Couple in a consultation with a woman ©Corbis Fancy / Fotolia

More stability through liquidity regulation Research Brief | 25th edition – May 2019

Regulatory requirements for banks are often criticised as having an adverse impact on lending and hence, indirectly, on the real economy. A new research paper uses a theoretical partial equilibrium model to study the direct effects a liquidity coverage ratio could have on banks’ loan supply.

Banks predominantly finance long-term loans using wholesale debt. But some of these debt claims can be withdrawn at short notice exposing banks to funding illiquidity risk. Since issuing new debt at short notice can sometimes be prohibitively expensive or only possible with a time lag, two new liquidity requirements have recently been introduced to mitigate liquidity shortfalls.

While the net stable funding ratio (NSFR) reduces funding risk over a longer time horizon, the liquidity coverage ratio (LCR) promotes the short-term resilience of banks’ liquidity risk profile, requiring banks, from January 2018 onwards, to hold a sufficient stock of high-quality liquid assets, such as sovereign bonds, to fully cover net outflows for a 30-day stress scenario.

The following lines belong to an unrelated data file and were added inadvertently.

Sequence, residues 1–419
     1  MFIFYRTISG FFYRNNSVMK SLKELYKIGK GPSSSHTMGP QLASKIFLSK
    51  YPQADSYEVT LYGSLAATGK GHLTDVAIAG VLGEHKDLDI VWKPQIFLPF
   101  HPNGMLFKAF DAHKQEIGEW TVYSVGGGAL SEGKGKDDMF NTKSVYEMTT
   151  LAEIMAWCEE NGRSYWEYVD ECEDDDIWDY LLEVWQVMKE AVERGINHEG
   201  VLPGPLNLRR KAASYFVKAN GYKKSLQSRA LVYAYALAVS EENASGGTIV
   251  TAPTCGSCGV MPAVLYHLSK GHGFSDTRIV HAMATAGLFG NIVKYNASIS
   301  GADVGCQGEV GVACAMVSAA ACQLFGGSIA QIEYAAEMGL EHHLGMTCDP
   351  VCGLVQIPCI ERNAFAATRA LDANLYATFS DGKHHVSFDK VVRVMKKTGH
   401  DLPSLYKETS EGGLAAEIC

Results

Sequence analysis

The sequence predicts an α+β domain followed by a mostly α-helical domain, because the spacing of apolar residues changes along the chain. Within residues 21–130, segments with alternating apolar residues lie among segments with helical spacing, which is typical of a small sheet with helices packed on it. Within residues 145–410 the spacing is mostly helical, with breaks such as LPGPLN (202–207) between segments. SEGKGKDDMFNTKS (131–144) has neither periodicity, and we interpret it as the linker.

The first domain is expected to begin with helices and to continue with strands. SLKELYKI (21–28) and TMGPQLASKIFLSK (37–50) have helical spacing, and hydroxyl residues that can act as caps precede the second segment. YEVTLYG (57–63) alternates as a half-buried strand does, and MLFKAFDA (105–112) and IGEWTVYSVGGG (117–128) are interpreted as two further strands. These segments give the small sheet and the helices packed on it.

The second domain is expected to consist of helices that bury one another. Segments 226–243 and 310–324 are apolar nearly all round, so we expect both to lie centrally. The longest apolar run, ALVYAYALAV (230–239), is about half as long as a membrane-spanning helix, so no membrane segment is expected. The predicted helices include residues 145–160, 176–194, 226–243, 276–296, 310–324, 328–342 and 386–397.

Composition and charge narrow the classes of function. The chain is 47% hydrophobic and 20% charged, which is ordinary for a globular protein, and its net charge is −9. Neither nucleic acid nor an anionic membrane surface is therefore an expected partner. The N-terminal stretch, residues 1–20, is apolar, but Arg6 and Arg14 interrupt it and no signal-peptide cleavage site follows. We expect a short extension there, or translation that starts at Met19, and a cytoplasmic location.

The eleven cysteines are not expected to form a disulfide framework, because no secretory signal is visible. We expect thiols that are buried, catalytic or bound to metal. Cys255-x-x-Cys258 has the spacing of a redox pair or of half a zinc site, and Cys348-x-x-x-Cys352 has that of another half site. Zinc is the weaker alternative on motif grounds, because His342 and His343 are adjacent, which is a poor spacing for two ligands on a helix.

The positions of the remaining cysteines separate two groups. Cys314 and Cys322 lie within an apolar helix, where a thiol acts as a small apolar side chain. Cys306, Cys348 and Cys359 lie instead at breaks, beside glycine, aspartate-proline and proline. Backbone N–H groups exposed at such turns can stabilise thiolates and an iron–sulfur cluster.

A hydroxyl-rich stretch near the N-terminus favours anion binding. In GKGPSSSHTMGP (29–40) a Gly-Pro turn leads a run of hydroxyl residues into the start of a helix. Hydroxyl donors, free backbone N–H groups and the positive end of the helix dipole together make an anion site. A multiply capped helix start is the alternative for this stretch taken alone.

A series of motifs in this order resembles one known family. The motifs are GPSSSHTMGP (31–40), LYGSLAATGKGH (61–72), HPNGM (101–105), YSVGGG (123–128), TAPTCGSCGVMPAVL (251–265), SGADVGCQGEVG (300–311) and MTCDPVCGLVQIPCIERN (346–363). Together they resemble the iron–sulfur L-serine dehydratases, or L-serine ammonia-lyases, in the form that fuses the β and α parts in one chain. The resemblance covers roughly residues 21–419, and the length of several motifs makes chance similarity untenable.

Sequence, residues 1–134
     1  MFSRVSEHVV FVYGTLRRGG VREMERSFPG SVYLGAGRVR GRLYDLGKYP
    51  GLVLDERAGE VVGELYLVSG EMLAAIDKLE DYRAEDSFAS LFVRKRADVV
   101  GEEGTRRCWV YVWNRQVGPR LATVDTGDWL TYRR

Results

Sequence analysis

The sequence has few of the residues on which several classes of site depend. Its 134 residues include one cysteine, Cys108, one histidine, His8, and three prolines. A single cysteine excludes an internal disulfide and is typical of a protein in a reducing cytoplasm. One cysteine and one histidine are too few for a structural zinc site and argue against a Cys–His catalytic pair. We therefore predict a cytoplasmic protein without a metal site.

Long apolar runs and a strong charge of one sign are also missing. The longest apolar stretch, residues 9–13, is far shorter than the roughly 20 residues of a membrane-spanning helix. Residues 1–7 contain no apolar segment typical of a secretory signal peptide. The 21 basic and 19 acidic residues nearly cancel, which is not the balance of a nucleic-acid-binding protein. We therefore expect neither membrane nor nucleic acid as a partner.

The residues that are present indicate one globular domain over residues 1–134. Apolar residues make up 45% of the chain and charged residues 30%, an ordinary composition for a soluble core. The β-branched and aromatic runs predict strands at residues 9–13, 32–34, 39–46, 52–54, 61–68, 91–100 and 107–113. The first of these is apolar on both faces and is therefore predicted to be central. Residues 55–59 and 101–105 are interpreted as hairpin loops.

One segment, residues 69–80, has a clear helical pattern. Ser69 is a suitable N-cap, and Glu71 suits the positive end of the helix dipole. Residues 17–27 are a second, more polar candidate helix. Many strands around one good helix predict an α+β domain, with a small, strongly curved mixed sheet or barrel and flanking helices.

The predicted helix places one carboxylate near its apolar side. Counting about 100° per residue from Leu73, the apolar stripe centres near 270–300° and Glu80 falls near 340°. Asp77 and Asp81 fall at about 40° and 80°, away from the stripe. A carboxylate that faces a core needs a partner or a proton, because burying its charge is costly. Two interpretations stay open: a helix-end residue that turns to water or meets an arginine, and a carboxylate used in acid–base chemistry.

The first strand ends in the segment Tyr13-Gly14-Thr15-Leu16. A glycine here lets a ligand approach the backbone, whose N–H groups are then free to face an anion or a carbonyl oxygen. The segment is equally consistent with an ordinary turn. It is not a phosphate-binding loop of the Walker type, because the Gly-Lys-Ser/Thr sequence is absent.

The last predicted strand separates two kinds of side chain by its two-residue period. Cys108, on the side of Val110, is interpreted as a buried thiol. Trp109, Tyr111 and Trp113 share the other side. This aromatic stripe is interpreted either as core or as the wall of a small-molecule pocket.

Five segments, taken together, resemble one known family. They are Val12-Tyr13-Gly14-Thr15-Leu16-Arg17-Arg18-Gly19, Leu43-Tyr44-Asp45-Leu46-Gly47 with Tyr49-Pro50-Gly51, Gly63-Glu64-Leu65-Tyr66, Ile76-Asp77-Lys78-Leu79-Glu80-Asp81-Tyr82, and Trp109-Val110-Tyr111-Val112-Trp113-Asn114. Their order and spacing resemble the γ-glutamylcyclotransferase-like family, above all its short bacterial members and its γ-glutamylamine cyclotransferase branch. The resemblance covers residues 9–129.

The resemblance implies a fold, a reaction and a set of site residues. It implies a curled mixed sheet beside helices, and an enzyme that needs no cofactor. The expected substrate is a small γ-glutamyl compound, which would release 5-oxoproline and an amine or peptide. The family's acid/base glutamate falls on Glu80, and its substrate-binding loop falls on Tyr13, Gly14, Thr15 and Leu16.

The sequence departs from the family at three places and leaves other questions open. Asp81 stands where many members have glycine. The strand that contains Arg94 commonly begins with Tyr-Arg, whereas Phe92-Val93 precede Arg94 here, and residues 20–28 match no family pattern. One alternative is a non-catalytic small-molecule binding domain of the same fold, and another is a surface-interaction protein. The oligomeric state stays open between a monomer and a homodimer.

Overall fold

These measures, however, may entail unintended side effects on banks’ loan supply (for an overview, see BCBS, 2016). One concern is that by requiring banks to hold more liquid assets, the LCR may crowd out the financing of loans. However, since the LCR has only been in operation since 2015, we lack sufficient data to quantitatively assess its effects on the real economy. Moreover, due to interactions with other regulatory instruments, indirect effects may mask the LCR's direct impact so that the latter may be difficult to identify. In Bucher et al. (2018) we thus use a theoretical model to examine the effect of the LCR and other instruments on a bank’s stability and loan supply. Interactions between different regulatory instruments are disregarded, which means that our paper cannot be interpreted as an all-encompassing assessment of these instruments.

Banks’ portfolio decision depends on credit risk

Expanding on Bucher et al. (2013), we consider a profit-maximising, forward-looking bank that decides on its investment and capital structure at the beginning of each period. By using internal funds, and raising equity and wholesale debt from external investors, the bank can invest in risky loans and hold risk-free liquid assets (see Chart 1).